Now I know why those gang members really beat me up in that bathroom in 7th grade.
Research by teams from the University of Rochester, the University of Essex, England, and the University of California in Santa Barbara published findings from their four separate studies in this month’s Journal of Personality and Social Psychology.
“Individuals who identify as straight but in psychological tests show a strong attraction to the same sex may be threatened by gays and lesbians because homosexuals remind them of similar tendencies within themselves,” explains Netta Weinstein, a lecturer at the University of Essex and the study’s lead author.
“In many cases these are people who are at war with themselves and they are turning this internal conflict outward,” adds co-author Richard Ryan, professor of psychology at the University of Rochester who helped direct the research.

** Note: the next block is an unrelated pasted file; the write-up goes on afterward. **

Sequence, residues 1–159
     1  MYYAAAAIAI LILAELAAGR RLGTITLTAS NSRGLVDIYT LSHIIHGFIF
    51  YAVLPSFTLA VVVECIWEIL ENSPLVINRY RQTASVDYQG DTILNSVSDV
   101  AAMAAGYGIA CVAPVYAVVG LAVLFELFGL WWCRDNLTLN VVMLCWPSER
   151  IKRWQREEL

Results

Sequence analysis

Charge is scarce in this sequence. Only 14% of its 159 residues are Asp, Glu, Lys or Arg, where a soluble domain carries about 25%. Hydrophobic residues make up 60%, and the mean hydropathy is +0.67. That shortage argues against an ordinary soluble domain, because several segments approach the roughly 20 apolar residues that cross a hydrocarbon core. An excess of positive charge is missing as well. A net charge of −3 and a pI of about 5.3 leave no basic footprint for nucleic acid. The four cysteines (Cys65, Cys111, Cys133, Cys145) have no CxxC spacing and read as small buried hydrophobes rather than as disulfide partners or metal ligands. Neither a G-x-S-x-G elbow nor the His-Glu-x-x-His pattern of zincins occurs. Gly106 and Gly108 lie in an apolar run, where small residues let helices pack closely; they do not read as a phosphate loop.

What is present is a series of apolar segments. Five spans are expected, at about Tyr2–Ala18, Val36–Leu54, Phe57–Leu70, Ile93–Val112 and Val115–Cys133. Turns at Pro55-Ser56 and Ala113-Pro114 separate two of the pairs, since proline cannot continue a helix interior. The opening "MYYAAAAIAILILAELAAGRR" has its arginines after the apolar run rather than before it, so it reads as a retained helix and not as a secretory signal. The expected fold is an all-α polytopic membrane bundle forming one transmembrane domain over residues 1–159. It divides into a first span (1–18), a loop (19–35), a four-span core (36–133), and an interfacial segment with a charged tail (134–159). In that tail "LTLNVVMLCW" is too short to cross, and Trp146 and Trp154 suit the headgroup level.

The findings may help to explain the personal dynamics behind some bullying and hate crimes directed at gays and lesbians, the authors argue. Media coverage of gay-related hate crimes suggests that attackers often perceive some level of threat from homosexuals. People in denial about their sexual orientation may lash out because gay targets threaten and bring this internal conflict to the forefront, the authors write.
The research also sheds light on high profile cases in which anti-gay public figures are caught engaging in same-sex sexual acts.
It’s about time some research came about to address this mess.
Read more at Medical Express